Motherless Brooklyn (2019)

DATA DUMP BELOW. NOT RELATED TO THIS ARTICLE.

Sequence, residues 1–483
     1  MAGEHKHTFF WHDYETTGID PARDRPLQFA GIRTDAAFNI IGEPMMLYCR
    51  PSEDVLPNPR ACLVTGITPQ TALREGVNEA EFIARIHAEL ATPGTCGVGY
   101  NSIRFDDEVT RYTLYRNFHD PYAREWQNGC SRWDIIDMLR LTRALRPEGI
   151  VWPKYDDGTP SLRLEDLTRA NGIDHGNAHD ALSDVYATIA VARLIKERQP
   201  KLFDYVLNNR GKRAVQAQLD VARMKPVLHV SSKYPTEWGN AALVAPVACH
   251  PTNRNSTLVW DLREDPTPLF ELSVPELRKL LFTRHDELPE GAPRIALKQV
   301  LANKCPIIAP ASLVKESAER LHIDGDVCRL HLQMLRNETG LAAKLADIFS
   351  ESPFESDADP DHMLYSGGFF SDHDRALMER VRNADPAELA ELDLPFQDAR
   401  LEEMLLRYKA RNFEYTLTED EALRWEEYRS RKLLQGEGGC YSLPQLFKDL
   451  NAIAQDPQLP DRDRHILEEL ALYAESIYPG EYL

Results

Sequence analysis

In what is only his second outing as director (after Keeping the Faith), and first time as writer, Edward Norton demonstrates that he can handle the added responsibility – and give a sensitive performance in front of the camera to boot. Motherless Brooklyn is based on Jonathan Lethem's award-winning novel of the same name about private detectives and corrupt city-planners in New York City, but in Norton's vision the story has been moved to the 1950s and draped in genre-recognizable noir elements. It's a risky strategy, because films in this sub-genre have a tendency to end up as a cliché-fest. Fortunately for Motherless Brooklyn, the filmmakers' craftmanship overshadows the stereotyping, and the little touches of novelty work wonders for the overall effect. Norton's remarkable, unusual performance is one of them. This is the first time I've seen Tourette syndrome given a believable face in movies. And Norton the actor is accompanied by clever choices also by Norton the producer: Daniel Pemberton's beautiful jazzy score, Dick Pope's atmospheric cinematography, Michael Ahern and Beth Mickle's wonderful art direction, and director Norton's elegant pacing. The star-studded cast add some additional zest, but this is all Norton's show.